Are you investing in ‘sticky’ learning?

So you are thinking about investing in your people.  Of course you are…. you maintain your plant and machinery, you maintain your office spaces, you maintain your computers….so naturally you want to invest in ‘maintaining’ your people.

So what kind of programme do you invest in?  The ‘sticky’ one, of course.  That is, the one which ‘sticks’ with people.  The one which, when people get back to work, has stuck with them so they put their new learning into practice.  Right?

So how do you know which programmes are the ‘sticky’ ones?  I say it depends on the thing you are trying to develop.

The tried and true training paradigm of ‘knowledge transfer’ and the training processes used to effect this transfer have some use, but it’s limited.  This style of learning is more transactional, the transaction being: you sit there and pay attention and I’ll repay that attention with some useful knowledge.  However, the needs of the modern worker and modern organisation have changed.  While this transaction is still useful for some kinds of learning content, if you want to develop communication, teamwork, greater customer focus or leader capability, the ‘sticky’ programme is most often not the one that is laden with information; it’s usually the one that is more about the people than the information.

Furthermore, people want to participate in learning experiences which grow them as human beings, and organisations need people who have honed the kind of capabilities the 21st century world of work actually needs; capabilities such as empathy, courage, increased self awareness, and greater ability to communicate and say challenging things to their peers, their staff and their bosses.

The new paradigm is also one that stops looking at the training budget as something that should solely serve the organisation or deliver a quantifiable return on investment.  You know that if you spend money on an MYOB training course, you have got a return on your investment if the accounts folk use it effectively and productivity in the accounts department increases.  How, though, can you quantify increased empathy skills?  Yet you know in your heart, in your mind, in your gut that when your customer service staff have greater empathy, they go the extra mile for dissatisfied customers and stop them from moving over to your competition.  You know that when your team leaders can have more robust performance conversations with their teams, morale increases, productivity increases, turnover declines.  I’m constantly reminded of the quote that Einstein allegedly had on his wall: “Not everything that counts can be counted and not everything that can be counted counts.”  We are in an age where this is deliciously applicable.  Yes, we do need to know that investment in developing people gives a return to the organisation, but let’s expand our minds and our ideas of how we ‘measure’ this added value.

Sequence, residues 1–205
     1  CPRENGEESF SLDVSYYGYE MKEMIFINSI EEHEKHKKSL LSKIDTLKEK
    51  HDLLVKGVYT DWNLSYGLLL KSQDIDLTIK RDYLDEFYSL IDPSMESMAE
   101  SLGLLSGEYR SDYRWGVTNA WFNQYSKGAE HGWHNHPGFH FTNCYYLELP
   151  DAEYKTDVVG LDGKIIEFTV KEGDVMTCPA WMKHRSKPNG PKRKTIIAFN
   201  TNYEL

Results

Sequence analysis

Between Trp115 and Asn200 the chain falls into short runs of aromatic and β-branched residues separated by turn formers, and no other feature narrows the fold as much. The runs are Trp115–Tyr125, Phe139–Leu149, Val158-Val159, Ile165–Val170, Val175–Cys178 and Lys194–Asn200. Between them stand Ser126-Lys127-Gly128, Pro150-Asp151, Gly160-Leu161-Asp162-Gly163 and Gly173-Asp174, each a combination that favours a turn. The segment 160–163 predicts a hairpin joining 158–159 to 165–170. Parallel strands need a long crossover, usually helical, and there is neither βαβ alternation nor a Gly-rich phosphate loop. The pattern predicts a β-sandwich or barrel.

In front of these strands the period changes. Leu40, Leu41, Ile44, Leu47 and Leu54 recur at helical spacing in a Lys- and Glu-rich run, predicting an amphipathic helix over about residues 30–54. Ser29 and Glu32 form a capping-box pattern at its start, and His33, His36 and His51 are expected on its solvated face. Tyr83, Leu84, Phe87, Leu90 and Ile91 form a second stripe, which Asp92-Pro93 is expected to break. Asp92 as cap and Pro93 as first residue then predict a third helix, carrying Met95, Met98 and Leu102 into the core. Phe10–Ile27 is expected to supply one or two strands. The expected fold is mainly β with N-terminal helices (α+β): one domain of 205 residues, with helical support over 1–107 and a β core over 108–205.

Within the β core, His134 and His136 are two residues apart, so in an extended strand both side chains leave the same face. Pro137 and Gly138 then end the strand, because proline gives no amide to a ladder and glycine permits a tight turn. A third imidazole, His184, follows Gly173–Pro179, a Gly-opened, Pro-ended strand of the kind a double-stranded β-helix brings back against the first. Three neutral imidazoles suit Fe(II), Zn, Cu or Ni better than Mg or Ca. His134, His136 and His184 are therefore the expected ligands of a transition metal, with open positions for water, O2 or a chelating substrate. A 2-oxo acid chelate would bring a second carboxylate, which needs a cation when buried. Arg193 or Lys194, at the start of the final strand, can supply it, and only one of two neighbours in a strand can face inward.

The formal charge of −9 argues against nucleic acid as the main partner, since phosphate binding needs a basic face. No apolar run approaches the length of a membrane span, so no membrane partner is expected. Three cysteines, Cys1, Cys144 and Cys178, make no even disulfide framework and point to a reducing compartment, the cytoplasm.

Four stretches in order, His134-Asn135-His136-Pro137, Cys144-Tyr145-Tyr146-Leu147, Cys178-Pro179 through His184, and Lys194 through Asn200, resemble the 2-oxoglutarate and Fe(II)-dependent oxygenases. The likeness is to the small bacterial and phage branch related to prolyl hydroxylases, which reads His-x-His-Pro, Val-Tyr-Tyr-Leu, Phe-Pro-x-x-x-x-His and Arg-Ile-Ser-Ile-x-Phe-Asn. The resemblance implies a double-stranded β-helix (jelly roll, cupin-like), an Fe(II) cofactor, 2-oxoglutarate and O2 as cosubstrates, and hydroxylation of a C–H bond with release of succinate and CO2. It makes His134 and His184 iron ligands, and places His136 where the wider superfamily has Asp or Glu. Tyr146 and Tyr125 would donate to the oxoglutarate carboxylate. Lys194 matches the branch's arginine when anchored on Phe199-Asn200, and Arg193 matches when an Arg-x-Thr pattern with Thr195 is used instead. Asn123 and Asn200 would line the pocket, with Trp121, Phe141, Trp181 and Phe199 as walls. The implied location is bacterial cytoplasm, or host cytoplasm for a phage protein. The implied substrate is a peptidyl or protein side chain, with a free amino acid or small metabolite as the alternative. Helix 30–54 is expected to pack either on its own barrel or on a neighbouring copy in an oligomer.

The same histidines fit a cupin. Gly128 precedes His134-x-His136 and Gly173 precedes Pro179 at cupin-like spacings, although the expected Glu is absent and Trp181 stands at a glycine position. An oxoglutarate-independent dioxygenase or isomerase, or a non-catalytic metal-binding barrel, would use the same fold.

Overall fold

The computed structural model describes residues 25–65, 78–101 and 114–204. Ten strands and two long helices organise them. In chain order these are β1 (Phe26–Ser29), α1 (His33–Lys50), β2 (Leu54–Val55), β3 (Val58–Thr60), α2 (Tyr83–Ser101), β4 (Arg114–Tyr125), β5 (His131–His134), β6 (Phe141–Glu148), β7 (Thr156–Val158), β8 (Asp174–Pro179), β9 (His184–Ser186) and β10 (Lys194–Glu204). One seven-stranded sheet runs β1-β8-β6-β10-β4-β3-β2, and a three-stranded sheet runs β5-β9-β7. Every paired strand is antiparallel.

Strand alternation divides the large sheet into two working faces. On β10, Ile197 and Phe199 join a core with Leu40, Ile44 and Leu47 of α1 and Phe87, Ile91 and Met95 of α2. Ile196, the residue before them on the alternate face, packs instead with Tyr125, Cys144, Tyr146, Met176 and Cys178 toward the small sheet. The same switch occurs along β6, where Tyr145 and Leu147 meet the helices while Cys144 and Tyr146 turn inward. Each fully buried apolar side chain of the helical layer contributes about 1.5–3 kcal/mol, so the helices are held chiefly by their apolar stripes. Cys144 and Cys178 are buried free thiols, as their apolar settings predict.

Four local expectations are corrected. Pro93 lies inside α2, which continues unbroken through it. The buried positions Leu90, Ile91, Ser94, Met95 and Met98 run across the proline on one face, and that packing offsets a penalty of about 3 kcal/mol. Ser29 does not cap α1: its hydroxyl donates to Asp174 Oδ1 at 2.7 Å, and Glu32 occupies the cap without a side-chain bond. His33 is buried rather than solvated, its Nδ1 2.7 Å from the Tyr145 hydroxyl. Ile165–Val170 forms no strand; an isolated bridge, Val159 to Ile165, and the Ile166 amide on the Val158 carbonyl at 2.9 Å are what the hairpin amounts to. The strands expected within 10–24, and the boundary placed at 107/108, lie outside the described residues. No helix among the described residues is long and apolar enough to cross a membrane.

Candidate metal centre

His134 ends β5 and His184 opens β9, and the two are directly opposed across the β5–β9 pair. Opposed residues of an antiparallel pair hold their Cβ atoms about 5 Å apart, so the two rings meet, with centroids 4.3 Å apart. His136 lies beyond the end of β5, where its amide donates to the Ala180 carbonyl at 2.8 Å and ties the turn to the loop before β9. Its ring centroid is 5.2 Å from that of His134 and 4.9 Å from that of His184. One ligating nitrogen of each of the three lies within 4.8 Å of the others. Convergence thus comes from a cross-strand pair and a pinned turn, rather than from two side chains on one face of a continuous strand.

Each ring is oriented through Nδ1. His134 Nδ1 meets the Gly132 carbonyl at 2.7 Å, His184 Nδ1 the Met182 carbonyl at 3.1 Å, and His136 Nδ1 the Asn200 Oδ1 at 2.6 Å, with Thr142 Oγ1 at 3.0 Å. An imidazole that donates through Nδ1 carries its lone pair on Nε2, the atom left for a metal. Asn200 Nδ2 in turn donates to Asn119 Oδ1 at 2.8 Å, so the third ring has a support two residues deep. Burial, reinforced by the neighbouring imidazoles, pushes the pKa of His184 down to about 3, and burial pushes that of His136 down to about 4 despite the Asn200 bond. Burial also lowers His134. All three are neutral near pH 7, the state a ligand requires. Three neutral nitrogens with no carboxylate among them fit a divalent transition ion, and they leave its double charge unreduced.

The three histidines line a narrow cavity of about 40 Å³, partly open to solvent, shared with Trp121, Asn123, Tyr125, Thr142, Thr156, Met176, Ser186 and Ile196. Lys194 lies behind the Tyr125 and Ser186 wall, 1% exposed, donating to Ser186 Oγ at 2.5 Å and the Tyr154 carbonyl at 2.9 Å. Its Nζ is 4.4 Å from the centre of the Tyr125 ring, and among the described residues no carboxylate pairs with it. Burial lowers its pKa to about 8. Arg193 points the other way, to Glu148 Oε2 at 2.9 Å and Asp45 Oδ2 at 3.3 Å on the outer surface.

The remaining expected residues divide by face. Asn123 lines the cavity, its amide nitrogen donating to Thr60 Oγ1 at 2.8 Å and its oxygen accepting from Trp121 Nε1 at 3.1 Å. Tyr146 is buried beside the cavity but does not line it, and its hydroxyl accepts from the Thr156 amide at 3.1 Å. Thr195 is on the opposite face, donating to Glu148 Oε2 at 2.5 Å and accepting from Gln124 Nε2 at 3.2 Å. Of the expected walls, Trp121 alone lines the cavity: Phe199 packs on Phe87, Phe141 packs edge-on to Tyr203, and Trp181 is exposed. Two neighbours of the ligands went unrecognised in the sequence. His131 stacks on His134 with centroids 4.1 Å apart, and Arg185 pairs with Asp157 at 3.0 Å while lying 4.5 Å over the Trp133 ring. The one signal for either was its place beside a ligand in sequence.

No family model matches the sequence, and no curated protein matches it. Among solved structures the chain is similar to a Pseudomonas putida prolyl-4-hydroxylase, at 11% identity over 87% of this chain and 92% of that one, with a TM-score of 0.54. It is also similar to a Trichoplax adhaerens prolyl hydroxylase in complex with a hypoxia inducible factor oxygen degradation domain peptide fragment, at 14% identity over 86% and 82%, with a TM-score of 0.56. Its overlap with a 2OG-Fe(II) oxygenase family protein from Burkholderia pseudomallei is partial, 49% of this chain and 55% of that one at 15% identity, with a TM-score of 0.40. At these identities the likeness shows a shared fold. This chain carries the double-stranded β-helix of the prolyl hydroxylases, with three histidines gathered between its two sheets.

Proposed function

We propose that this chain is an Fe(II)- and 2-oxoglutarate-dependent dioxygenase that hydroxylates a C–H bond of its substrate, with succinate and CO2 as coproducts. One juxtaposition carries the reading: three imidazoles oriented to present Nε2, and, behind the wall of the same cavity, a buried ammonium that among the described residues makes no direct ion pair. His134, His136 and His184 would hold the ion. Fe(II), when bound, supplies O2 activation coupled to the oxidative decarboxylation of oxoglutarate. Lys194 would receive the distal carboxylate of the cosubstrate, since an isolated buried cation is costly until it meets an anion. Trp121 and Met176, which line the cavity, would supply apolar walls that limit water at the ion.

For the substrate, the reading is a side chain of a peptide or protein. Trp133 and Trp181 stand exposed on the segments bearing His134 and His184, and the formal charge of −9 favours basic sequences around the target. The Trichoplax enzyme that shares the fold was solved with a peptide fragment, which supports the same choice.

In order to develop these things, a new paradigm of learning and development needs to take hold.  People need to be able to participate in learning programmes which are directly relevant to them and which grow them as a person.  Transformational methods, those which Phill Boas of the Melbourne Business School calls ‘high intensity relational processes’, and those which we apply in our work at Quantum Shift, are just the ticket.  These are processes which are sometimes confronting and which “truly stretch people outside their comfort zones to really review their own style, values and preferences and those of others. It’s not always warm and fuzzy. But that is the reality of work and working relationships”.  We can get a picture of the two approaches in this table:

TRANSACTIONAL LEARNING APPROACHES
TRANSFORMATIONAL LEARNING APPROACHES
One-off training events
Learning over time, with follow-up
‘Chalk and talk’ transfer of information
Experiential and interactive
Content-orientated
Orientated to learning as a process
Predominantly factual
Involves feelings and relationships
Methodical, step-by-step, logical-sequential
Divergent and unpredictable
Linear
Developmental
Conceptual
Behavioural and attitudinal
What to do
How to do it

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